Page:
Dr. Vincent Greenwood, Executive Director

Treatment for Emotional and Behavioral Difficulties

In Washington, DC ●  Since 1982


What Is Cognitive Therapy?
How Effective Is Cognitive Therapy?
How Cognitive Therapy Differs
FAQs about Cognitive Therapy
Anger Problems
Generalized Anxiety Disorder
Obsessive-Compulsive Disorder
Panic Attacks
Social Anxiety
New Treatment Developments
Psychological Evaluation Services
About Dr. Greenwood

The Washington Center for Cognitive Therapy

5225 Connecticut Avenue, NW
Suite 501
Washington, DC 20015

  Phone: 202-244-0260  

Fax: 202-244-3871

To get started, simply call for an appointment.

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The goal of the Washington Center for Cognitive Therapy is to provide effective, state-of-the-art treatment for a range of mood disorders and self-defeating habits. We believe people can change in fundamental ways and that we can help people alter long-standing painful feelings and dysfunctional behavior patterns.

Web Site is © Copyright 2004-2011 by Vincent Greenwood, Ph.D.  All rights reserved.


Obsessive-Compulsive Disorder (OCD)


     People with OCD feel they are at the mercy of unwanted and intrusive worries (obsessions).  They often fear great harm will come to them or others, frequently as a result of their carelessness or mistakes in judgment.  Examples of such painful obsessions are worries about picking up life-threatening germs, or about forgetting to turn off a stove that endangered others.  Obsessions usually are not helped simply by rationally challenging them.  The efforts to resist obsessions often make them worse.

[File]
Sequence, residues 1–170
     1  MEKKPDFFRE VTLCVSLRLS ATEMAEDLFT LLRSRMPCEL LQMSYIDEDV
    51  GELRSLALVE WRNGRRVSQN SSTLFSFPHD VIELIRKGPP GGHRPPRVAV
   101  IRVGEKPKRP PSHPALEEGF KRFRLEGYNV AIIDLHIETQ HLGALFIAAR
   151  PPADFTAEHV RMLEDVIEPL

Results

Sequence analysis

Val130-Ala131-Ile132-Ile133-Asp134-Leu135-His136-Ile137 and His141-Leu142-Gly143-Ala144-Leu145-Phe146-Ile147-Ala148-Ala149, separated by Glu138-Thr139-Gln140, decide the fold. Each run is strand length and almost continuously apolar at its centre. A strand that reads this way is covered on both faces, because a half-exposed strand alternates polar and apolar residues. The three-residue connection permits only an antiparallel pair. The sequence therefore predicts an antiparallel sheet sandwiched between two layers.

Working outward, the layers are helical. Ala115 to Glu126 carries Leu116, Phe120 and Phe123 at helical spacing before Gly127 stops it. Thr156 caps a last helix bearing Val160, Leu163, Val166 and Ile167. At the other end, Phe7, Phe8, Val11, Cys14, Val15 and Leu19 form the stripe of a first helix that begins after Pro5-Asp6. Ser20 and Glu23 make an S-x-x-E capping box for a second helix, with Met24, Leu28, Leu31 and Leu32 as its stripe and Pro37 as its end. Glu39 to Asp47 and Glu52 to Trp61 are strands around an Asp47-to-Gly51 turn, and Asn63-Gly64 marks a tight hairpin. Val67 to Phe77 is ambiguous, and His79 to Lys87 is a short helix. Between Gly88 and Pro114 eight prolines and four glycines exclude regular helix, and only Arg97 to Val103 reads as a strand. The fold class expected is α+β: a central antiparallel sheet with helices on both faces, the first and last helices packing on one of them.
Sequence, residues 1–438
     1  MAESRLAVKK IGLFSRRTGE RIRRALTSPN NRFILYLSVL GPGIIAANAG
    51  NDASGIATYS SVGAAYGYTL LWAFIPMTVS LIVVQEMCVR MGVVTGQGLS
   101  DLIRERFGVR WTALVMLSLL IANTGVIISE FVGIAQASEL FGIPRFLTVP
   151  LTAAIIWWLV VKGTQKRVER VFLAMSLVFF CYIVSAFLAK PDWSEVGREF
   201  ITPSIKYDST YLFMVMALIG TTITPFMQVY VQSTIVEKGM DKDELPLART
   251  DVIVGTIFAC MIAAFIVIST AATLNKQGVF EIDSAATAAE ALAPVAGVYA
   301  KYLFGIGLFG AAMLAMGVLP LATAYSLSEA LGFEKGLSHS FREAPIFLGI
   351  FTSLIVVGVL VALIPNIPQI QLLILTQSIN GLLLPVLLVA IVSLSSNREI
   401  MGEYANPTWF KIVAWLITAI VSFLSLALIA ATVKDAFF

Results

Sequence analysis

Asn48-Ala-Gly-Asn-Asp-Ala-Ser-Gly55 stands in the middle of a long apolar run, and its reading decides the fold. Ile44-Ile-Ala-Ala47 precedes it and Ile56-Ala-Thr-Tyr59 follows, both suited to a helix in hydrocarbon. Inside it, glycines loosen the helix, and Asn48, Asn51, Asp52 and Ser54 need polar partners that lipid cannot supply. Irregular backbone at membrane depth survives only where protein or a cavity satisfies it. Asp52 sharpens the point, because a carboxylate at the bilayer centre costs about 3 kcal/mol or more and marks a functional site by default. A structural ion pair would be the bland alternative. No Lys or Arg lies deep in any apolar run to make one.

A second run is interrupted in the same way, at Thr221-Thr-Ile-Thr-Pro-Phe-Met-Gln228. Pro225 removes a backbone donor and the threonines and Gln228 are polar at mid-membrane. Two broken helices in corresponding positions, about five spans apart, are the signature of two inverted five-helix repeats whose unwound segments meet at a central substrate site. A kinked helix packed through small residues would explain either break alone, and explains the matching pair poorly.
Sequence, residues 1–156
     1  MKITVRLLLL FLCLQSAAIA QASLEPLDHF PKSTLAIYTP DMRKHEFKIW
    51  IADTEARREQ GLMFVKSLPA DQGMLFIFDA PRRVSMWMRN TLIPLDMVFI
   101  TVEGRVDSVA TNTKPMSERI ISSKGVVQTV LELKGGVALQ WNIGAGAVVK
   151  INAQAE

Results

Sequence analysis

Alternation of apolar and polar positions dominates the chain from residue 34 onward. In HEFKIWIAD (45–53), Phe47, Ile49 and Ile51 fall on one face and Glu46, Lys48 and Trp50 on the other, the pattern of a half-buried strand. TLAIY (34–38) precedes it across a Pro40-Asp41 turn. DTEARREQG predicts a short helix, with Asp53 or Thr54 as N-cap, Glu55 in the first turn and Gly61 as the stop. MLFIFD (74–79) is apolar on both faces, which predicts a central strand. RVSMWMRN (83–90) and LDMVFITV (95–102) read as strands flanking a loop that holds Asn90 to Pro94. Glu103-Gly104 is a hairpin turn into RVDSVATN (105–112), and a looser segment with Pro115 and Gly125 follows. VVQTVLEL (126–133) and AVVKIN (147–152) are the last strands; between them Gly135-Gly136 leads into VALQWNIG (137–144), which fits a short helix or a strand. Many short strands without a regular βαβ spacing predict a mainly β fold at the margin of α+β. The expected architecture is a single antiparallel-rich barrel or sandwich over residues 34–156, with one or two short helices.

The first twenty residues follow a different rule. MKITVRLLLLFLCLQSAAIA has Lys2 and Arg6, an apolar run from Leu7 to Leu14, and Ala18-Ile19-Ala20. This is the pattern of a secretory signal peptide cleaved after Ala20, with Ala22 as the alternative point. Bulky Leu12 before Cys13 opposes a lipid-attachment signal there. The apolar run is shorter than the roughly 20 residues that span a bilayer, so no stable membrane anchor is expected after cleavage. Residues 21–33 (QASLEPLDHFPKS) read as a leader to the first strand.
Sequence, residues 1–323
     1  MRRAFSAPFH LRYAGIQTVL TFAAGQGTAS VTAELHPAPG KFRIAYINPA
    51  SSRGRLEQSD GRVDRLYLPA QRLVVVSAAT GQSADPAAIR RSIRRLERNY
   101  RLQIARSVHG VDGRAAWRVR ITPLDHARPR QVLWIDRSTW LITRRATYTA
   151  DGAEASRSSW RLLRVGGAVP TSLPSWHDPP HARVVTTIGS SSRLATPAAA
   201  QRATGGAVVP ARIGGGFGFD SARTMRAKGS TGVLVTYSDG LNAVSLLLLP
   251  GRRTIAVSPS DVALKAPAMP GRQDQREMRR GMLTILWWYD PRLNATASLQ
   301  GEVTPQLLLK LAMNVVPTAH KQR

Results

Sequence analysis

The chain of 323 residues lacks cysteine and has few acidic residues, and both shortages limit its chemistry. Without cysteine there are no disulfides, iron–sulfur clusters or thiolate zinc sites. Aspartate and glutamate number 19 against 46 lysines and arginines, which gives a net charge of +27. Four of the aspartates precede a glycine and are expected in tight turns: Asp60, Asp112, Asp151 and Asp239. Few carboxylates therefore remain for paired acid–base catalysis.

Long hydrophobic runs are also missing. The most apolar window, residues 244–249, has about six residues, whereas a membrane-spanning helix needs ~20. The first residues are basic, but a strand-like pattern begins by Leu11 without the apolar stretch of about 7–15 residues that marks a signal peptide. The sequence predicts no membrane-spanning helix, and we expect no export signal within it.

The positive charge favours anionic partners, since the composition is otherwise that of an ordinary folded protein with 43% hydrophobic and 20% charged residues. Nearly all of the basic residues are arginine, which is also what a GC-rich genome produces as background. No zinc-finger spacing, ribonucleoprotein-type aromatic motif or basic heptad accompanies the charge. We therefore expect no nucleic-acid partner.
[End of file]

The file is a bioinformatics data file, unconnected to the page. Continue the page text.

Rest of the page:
People with obsessions often devise elaborate and painful rituals (compulsions), which can provide temporary relief for their worries.  Examples of compulsions include constant washing of one’s hands to get rid of germs and frequent checking and rechecking to see if the stove is turned off.  Unfortunately individuals soon feel enslaved to these time consuming and elaborate compulsions.

Cognitive Therapy for OCD

     A very effective treatment approach has been developed for OCD.  We have discovered that if individuals can face and challenge their anxieties, the pain of OCD can be alleviated.  Thus clients are encouraged to voluntarily expose themselves to the distressing thoughts and threatening situations that elicit the rituals they enact to reduce their worries.  They are then given the support and guidance on preventing these compulsive behaviors.  While this approach does involve enduring some short-term discomfort, it is a path to undermining the obsessive-compulsive pattern and producing freedom from worry.